So, its a mix of both. There is a memorization aspect, or if not a google aspect (Ive done a dozen programs in languages I did not know, they could have been better, but they worked, thanks to the web) and then there is a whole lot more beyond that. But to an extent, it can be taught, well enough to do some things. Its the 'beyond that' which can't be taught.

You can say the same about many things. Can you teach art?
jonnin wrote:
There is a memorization aspect, or if not a google aspect

Agreed! Like keskiverto said, Jeeves and Macgyver both memorized various methods that served them well in the past, and they used them in new situations, and to good effect (Jeeves did, anyway. Having never seen Macgyver, I cannot speak for him).

But, sometimes a situation calls for something new, and you are forced to innovate. Jeeves does this brilliantly, and so did people like Bill Joy, Richard Stallman, and Linus Torvalds. And this is what makes a great programmer– or really a great anything– the ability to use what you have, and if that doesn't work, to create something new. Or google it ;)
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jonnin wrote:
You can say the same about many things. Can you teach art?

There are schools for art ...

There is a slight difference though. Teacher can give vocabulary, grammar rules, and examples of human language, but those do not enable you to write great (novel) poetry (unless you are a Vogon).

Programming produces a novel solution to a problem, not novel content like art does. Or do we include the "invent a problem" into programming? As in "invent a new game idea".
Programming produces a novel solution to a problem, not novel content like art does.
Why doesn't a solution count as content, though? In fact, is programming necessarily distinct from artistic expression? For example, is it not possible to produce programs that, besides solving their intended problems, have aesthetically pleasing structures?
I'd argue programming is not necessarily any less artistic than, say, pottery. Yes, in both cases the final product can be extremely utilitarian, but the craftsman is also perfectly capable of putting something of themselves into their work to make pieces that are distinctly theirs.
> Why doesn't a solution count as content, though? In fact, is programming necessarily distinct from artistic expression?

To that point, I've seen people describe poetry with code https://en.wikipedia.org/wiki/Code_poetry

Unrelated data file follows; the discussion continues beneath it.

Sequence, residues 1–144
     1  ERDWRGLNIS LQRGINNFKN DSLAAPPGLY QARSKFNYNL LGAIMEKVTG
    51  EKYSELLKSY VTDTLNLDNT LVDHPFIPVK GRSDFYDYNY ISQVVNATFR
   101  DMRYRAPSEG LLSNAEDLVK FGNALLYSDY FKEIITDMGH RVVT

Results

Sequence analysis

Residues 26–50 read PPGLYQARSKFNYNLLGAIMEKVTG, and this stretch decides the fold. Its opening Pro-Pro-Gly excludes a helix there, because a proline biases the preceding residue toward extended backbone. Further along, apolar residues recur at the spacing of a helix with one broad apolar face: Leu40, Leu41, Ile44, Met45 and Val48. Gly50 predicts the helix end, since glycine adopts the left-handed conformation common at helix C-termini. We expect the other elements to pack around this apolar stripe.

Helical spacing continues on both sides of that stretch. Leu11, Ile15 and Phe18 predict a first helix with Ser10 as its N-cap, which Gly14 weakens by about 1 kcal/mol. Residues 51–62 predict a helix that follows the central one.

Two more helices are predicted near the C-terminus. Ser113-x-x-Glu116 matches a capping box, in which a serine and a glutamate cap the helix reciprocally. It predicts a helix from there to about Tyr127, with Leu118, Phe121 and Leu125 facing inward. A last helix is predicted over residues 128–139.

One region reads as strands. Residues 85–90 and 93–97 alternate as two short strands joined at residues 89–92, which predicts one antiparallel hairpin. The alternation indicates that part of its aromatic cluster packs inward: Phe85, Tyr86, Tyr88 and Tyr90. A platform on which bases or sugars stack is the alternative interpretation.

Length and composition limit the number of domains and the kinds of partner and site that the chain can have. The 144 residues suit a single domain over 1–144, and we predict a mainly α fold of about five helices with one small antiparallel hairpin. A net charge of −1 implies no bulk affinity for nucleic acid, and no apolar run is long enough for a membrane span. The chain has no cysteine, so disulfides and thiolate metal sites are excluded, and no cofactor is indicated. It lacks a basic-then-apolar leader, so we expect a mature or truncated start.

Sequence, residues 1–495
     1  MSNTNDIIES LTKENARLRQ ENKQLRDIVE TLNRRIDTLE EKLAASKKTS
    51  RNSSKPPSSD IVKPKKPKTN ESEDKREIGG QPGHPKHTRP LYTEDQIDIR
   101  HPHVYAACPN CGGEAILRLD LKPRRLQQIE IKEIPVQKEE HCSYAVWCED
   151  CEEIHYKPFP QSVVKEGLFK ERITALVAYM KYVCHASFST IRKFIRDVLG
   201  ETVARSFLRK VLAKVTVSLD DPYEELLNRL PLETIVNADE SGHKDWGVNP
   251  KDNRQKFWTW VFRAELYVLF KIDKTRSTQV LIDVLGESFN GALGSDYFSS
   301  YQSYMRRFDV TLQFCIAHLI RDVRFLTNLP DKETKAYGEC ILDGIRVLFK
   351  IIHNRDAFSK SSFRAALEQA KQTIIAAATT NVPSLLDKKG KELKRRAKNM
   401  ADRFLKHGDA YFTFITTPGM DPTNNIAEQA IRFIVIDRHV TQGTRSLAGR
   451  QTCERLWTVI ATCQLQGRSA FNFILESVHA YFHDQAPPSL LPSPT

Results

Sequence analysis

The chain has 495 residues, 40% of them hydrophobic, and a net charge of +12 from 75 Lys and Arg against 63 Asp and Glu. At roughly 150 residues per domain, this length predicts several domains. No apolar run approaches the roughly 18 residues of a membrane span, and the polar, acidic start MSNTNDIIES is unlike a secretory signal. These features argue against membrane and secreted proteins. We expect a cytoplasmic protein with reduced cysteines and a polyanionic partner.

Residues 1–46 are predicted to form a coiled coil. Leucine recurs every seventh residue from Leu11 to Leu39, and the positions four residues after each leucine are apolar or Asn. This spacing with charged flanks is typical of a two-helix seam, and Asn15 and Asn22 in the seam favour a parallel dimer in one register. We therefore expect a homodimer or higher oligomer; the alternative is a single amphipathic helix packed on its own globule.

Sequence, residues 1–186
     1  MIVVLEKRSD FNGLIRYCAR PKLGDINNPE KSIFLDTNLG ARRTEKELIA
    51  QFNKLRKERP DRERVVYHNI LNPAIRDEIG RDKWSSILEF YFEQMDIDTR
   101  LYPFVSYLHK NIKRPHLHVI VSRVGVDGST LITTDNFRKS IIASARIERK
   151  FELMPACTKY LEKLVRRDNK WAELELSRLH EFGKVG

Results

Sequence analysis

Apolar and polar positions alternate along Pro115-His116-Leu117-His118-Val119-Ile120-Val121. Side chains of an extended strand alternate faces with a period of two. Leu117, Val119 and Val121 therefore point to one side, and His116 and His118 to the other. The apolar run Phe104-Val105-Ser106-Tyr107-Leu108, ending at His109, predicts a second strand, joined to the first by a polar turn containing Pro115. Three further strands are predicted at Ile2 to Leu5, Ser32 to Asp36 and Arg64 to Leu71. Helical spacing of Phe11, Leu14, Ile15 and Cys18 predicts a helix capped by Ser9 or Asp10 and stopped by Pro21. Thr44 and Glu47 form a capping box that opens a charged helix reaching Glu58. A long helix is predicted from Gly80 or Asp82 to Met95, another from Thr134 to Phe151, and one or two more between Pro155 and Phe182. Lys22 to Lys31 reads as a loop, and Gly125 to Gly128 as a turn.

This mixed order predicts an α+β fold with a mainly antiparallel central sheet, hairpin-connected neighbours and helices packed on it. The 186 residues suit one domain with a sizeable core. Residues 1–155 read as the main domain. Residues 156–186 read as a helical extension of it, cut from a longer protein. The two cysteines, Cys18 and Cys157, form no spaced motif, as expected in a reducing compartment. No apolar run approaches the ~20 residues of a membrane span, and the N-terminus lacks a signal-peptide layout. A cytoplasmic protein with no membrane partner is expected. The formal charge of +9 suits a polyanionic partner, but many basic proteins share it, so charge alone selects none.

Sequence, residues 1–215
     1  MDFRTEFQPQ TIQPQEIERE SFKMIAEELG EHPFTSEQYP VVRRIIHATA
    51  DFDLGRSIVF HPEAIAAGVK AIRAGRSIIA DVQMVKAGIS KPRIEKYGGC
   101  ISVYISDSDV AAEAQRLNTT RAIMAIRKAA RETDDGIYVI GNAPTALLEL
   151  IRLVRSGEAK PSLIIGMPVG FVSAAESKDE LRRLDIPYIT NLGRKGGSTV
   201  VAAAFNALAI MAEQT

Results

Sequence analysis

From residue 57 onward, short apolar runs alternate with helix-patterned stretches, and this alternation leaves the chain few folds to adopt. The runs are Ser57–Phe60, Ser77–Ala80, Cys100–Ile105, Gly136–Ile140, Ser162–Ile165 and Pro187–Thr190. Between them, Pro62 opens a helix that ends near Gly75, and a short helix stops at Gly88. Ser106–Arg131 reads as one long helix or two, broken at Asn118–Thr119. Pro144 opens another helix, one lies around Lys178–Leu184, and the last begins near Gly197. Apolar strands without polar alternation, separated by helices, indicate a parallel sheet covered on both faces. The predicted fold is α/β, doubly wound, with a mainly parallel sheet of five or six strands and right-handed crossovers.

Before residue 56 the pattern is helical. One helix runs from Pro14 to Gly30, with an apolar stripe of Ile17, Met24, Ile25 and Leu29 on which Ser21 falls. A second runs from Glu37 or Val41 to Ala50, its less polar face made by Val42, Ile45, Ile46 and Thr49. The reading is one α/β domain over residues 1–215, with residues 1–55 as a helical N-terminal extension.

There are also esolangs that also play on this idea a bit (like one that describes programs as (sometimes valid) cooking recipes or as shakespeare plays).

edit: http://www.irc.perl.org/ also, I personally like to count that camel as art, and its a valid perl program.
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I think requiring that a program resemble already existing forms of artistic expression (such as drawings or poems) in order to count as art is too strong a restriction.
For example, if I take that camel and reformat it, is it still art?
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$_ = 'ev
al("seek\040D
    ATA, 0, 0;
    ");foreach(1..3) {
      < DATA > ;
    }
    my @camel1hump; my$camel; my$Camel;
    while ( < DATA > ) {
      $_ = sprintf("%-6
        9 s ",$_);my@dromedary           1=split(//);if(defined($
        _ = < DATA > )) {
      @camel1hum p = split( //);}while(@dromeda
        ry1) {
        my$camel1hump = 0;
        my$CAMEL = 3;
        if (defined($_ = shif t(@dromedary1)) && /\S/) {
          $camel1hump += 1 << $CAMEL;
        }
        $CAMEL--;
        if (d efined($_ = shift(@dromedary1)) && /\S/) {
          $camel1hump += 1 << $CAMEL;
        }
        $CAMEL--;
        if (defined($_ = shift(
            @camel1hump)) && /\S/) {
          $camel1hump += 1 << $CAMEL;
        }
        $CAMEL--;
        if (
          defined($_ = shift(@camel1hump)) && /\S/) {
          $camel1hump += 1 << $CAME
          L;;
        }
        $camel. = (split( //,"\040..m`{/J\047\134}L^7FX"))[$camel1h
            ump];
        }
        $camel. = "\n";
      }
      @camel1hump = split(/\n/, $camel);
      foreach(@ camel1hump) {
        chomp;
        $Camel = $_;
        y / LJF7\ 173\ 175 `\047/\061\062\063\
064\065\066\067\070/;y/12345678/JL7F\175\173\047` / ;
        $_ = reverse;
        print "$_\040$Camel\n";
      }
      foreach(@camel1hump) {
        chomp;
        $Camel = $_;
        y
          /
          LJF7\ 173\ 175 `\047/12345678/;y/12345678/JL7F\175\173\0 47` / ;
        $_ = reverse;
        print "\040$_$Camel\n";
      }
      ';;s/\s*//g;;eval;   eval
      ("seek\040DATA,0,0;");
      undef$ / ;
      $_ = < DATA > ;
      s / \s * //g;(   );;s
      ; ^ .*_;;;
      map {
        eval "print\"$_\"";
      }
      /.{4}/g;
      __DATA__\ 124\ 1 50\ 145\ 040\ 165\ 163\ 145\ 040\ 157\ 1 46\ 040\ 1 41\ 0
      40\ 143\ 141\ 155\ 145\ 1 54\ 040\ 1 51\ 155\ 141\ 147\ 145\ 0 40\ 151\ 156\ 040\ 141\ 163\ 16 3\
      157\ 143\ 151\ 141\ 16 4\ 151\ 1 57\ 156\ 040\ 167\ 151\ 164\ 1 50\ 040\ 120\ 1
      45\ 162\ 154\ 040\ 15 1\ 163\ 040\ 14
      1\ 040\ 1 64\ 162\ 1 41\ 144\ 145\